Prudhoe Bay, Alaska – Turning point: with the feet in the Arctic Ocean

The security officer is dogsbody: At eight o’clock sharp he is turning on the introducing video tape. He drives the bus we are riding on, and he is tour guide. At a time, 5,500 people work here, another 5,500 are off to replace them when having their off-time after a shift, usually two weeks on, and two weeks off. Caribou are walking around in the village. They seem to feel safe here since hunting season started. After the security gate 1400 drill heads are installed to produce oil and gas as well. The field was discovered in 1968, production started 1977 after finishing the pipeline to the ice-free port of Valdez in southern Alaska. During the pipe is well insulated to keep the petroleum warm and liquid, radiators for cooling were fixed on many pipeline carriers to not thaw the permafrost and sink into the ground. Weights partially hang on the pipes to minimize vibrations with strong winds. There isn’t too much precipitation in the “Arctic desert”, half of the one in Phoenix/Arizona in the yearly average. And it’s pretty dry there already. But the stormy winds can whirl up the little snow so that visibility tends to zero. During this time, Beaufort Sea is frozen and you can drive on ice. Now we are getting towels and can bathe our feet or more in the Arctic Ocean. It seems to be milder than expected, but our tour guide is explaining the water temperature to be 4°C. No wonder, the pack ice shall be just two miles off the coast, and the North Pole is only 1200 miles away. The whole excursion takes two and a half hours. The 45 $ for it are a worthy investment. There is a lot of information about oil production, but about nature and environment as well, you can visit an oil field what is very difficult otherwise, and you have access to the Arctic Ocean.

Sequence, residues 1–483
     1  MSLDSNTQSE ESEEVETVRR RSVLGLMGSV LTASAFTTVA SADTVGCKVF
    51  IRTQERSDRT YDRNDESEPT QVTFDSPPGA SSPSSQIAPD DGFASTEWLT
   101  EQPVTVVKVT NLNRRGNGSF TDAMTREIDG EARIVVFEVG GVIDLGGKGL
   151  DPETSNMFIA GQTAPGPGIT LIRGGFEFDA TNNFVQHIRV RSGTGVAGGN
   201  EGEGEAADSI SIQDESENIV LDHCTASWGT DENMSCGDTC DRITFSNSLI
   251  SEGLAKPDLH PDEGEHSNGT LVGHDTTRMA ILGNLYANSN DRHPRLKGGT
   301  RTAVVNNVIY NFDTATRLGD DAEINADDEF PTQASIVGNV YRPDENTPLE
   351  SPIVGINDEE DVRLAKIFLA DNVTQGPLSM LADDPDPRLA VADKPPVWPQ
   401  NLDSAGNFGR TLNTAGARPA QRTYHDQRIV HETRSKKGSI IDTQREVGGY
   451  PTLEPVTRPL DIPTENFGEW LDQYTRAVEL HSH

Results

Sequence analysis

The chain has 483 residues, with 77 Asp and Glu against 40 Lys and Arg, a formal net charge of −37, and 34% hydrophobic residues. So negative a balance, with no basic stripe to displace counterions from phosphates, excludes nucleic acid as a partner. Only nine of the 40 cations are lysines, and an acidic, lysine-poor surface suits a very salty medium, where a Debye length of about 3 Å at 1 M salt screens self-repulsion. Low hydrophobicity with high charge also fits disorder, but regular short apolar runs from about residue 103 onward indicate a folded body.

From now on we will go for a long, long time in the main direction south. On our way back we see again two musk-ox herds and are following one of them for a long time to take pictures. Unfortunately we aren’t prepared very well, and today is less wind than yesterday. Few enough to not matter mosquitoes. For the first time we really get to know Alaska bugs. They ARE big. But more worrying is their number. Dozens of them are immediately sitting down on our jackets; hundreds are buzzing around our heads and stinging into any exposed piece of skin: hands, face, scalp, and ears. Sometimes the girls (Only the female ones shall sting, isn’t it) seem to forget to inject their narcotic so that already the sting hurts like the one of a wasp. That’s not funny and most probably not the place to settle down.

I’d like to tell you a curiosity: Alaska is the most northern, western, and eastern US state. The first two attributes seem logic. But eastern? A part of the Aleuts belonging to Alaska crosses the date line and is therefore east of the rest of the United States.

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